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"Dawn and Doom Were in the Branches": Religious Tension in Zora Neale Hurston's Their eyes Were Watching God and Ernest J. Gaine's A Gathering of Old Men

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Date Issued:
2007
Summary:
Given that religion, specifically Christianity, plays such an important role in the creation, definition, and maturation of both Hurston ' s and Gaines’s characters, I believe it is imperative to evaluate the role that this religion plays in the lives of the black characters in two seminal texts by these two authors. Clearly religious concerns are at work throughout both texts, so too, then, is the issue of race in that the black characters, via their enslaved ancestors, inherited Christianity as they knew it from white slaveholders. Thus, the study of Christianity in the lives of black Southern characters necessarily must also address racism. This analysis, then, speaks to the role that white Christian ideology plays in the shaping of black Southern characters, in terms of both identity and religion.
Title: "Dawn and Doom Were in the Branches": Religious Tension in Zora Neale Hurston's Their eyes Were Watching God and Ernest J. Gaine's A Gathering of Old Men.
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Name(s): Benson, Kathryn A., Author
College of Arts & Sciences, Degree granting institution
Type of Resource: text
Genre: Thesis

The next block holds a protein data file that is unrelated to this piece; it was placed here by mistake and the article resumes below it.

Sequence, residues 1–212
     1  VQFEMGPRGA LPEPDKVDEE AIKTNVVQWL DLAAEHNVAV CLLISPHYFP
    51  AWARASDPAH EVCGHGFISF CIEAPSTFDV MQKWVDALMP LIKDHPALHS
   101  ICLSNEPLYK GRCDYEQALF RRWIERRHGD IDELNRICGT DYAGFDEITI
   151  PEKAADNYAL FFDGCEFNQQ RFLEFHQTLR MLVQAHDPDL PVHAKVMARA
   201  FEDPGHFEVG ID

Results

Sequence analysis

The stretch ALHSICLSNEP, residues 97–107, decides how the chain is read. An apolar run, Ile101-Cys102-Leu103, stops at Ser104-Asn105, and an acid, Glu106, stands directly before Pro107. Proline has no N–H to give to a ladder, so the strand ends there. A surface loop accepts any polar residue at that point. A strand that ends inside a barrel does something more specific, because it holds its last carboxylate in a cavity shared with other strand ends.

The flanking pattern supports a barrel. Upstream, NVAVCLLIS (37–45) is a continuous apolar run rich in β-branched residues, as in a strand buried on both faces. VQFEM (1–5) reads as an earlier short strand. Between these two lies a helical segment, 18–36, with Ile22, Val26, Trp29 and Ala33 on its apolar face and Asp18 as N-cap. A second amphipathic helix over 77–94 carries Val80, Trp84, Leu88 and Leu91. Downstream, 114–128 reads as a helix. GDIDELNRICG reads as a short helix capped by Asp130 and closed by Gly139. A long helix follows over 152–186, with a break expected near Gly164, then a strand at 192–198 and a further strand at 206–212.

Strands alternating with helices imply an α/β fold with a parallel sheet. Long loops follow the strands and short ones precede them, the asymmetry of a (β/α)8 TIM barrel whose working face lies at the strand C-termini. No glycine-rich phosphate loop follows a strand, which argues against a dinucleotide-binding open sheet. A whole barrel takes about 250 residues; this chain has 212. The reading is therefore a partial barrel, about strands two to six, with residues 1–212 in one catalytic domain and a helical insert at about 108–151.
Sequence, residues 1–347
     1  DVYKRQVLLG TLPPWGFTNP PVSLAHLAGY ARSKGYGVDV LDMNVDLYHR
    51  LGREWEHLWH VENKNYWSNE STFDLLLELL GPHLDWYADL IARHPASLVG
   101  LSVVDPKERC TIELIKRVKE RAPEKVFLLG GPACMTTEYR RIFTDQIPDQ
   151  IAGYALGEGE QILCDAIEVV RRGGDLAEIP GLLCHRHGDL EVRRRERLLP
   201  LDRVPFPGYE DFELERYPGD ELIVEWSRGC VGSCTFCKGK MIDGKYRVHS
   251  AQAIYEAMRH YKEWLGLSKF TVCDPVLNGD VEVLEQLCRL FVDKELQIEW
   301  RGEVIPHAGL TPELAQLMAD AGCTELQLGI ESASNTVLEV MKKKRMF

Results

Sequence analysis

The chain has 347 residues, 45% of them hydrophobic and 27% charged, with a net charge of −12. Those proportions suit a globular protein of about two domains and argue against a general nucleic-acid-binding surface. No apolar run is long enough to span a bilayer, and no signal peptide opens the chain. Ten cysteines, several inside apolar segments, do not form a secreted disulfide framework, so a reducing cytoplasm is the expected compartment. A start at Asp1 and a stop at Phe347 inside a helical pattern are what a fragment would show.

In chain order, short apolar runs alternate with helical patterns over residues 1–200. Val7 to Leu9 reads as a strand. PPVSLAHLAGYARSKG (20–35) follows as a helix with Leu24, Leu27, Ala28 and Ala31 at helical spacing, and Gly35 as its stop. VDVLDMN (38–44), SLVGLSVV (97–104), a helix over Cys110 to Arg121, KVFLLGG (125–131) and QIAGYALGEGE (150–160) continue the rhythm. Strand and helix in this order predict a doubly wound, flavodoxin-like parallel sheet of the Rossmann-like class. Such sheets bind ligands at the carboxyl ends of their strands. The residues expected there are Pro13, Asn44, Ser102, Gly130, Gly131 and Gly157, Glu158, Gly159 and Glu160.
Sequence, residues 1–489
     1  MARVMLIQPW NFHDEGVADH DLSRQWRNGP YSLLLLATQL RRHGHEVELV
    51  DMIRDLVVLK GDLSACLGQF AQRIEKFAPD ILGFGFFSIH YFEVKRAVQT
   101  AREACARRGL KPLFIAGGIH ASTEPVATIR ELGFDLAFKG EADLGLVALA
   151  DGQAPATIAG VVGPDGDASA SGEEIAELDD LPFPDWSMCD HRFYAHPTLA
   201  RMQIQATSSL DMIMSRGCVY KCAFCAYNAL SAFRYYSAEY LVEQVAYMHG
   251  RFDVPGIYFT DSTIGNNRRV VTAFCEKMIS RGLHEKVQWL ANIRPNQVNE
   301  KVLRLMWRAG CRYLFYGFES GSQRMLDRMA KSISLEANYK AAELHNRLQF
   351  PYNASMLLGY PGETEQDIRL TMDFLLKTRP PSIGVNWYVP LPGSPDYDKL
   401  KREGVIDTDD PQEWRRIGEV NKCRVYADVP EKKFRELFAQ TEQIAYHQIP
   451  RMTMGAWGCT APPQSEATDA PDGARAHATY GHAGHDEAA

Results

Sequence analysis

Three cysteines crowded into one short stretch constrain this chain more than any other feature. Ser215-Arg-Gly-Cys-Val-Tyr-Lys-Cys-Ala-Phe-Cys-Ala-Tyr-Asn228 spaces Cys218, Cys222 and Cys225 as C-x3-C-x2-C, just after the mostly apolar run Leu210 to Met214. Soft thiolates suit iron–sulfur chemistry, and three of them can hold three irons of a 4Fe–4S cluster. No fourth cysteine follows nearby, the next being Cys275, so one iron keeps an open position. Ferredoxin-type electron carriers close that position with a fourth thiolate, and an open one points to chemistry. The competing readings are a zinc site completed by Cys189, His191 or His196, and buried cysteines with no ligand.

Issuance: single unit
Date Issued: 2007
Extent: 153 pgs.
Language(s): English
Summary: Given that religion, specifically Christianity, plays such an important role in the creation, definition, and maturation of both Hurston ' s and Gaines’s characters, I believe it is imperative to evaluate the role that this religion plays in the lives of the black characters in two seminal texts by these two authors. Clearly religious concerns are at work throughout both texts, so too, then, is the issue of race in that the black characters, via their enslaved ancestors, inherited Christianity as they knew it from white slaveholders. Thus, the study of Christianity in the lives of black Southern characters necessarily must also address racism. This analysis, then, speaks to the role that white Christian ideology plays in the shaping of black Southern characters, in terms of both identity and religion.
Identifier: fgcu_ETD_0465 (IID)
Degree Awarded: Master of Arts in English Language and Literature
Department: Department of Language & Literature
Committee Chair: James Brock, Ph.D.
Committee Member: Myra Mendible, Ph.D.
Subject(s): Hurston, Zora Neale
Gaines, Ernest J., 1933-2019
Religion in literature
African Americans in literature
Persistent Link to This Record: http://purl.flvc.org/fgcu/fd/fgcu_ETD_0465
Use and Reproduction: Creator holds copyright.
Use and Reproduction: http://rightsstatements.org/vocab/InC/1.0/
Host Institution: FGCU